Find the home of your dreams moments after it's listed - Not after it's sold!

Hire Interstate Movers Without Getting Scammed!

Last year, the National Consumer Complaint Database received more than 4,000 complaints from consumers for everything from a delayed delivery to having their goods held hostage by their movers.

So, if you’re planning to move across the country (or even just across a bridge to a new state), take these steps to hire movers who can do the job, get your belongings there safely — and not rip you off in the process.
Research your options

Start your search as soon as you know you’ll be moving. Ideally you can book your shippers at least 30 days in advance, while some companies will let you do it as early as 90 days ahead of time. Your first line of defense is to ask around for recommendations from friends, family and colleagues.

If you don’t know anyone who has moved recently, skip the Google search (it’s easy for bad actors to pull together a reputable-looking site) and look up house movers on the Better Business Bureau site, where they’re rated on a number of factors, including complaints and legal action against the company.

You can also check out reviews on Yelp, but as always, take those with a gain of salt. As you start your search, get familiar with the terms you’ll hear from moving companies — for many, it’s an all-new vocabulary, including phrases like the bill of lading, which is the receipt for your goods and contract for their transportation.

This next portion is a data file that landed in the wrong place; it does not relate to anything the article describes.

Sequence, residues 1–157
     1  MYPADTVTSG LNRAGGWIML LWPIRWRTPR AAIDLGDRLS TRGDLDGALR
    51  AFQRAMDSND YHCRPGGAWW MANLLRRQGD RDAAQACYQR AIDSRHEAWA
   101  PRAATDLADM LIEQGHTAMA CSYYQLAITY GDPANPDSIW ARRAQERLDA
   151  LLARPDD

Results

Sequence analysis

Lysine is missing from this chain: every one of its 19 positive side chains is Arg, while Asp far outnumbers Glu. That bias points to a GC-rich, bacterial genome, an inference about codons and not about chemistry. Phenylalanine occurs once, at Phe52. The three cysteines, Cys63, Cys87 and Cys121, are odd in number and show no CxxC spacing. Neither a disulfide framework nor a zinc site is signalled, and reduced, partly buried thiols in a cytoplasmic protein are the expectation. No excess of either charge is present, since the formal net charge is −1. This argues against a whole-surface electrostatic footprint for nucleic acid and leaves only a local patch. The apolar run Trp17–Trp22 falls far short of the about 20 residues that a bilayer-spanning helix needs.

Vet the moving companies

Once you have a list of recommendations, look deeper into each one. You will need the company’s name, its U.S. Department of Transportation (D.O.T.) number and its Motor Carrier (M.C.) number. If they’re missing either number, cross them off the list — it means they’re not licensed to move property across state lines.

Search the company using their M.C. number or D.O.T. number at the Federal Motor Carrier Safety Administration’s website. The results will show you whether the company is a carrier, broker or freight forwarder. A carrier is a company that you hire directly to move your goods, while a broker will hire a carrier for you, usually for a fee. A freight forwarder takes responsibility for your goods, but will use one or more carriers to move them, sometimes consolidating smaller moves into one larger truckload.

Beyond understanding what kind of company you’re using, the safety administration website will give you the company’s most recent safety rating and insurance data, as well as the number and type of complaints that have been filed against the company in recent years.

There are 14 different complaint categories, including loss and damage, weight disputes and holding goods hostage. While it’s common for a company to have a few complaints, beware of numerous complaints about delays in delivery and repeated loss and damage claims.

Get in-person estimates…

Call three to five companies for estimates. A reputable company will send a representative to do an on-site inspection.

Anecdotally, I’ve found that it’s hard to get in-person estimates for small moves, like one out of an apartment, so be prepared to call a few more places. Ideally, an in-person estimate will give you a clear idea of how much it will cost to move your things, rather than a vague one based on your number of bedrooms.

When your shipping agent arrives, they are legally obligated to hand you a flyer called Your Rights and Responsibilities When You Move. Then it’s up to you to show them absolutely everything in your home to get the most accurate estimate possible. That includes all the junk stashed under the bed and items outside of your home, like bikes, strollers, garden equipment, and boxes in a basement or off-site storage.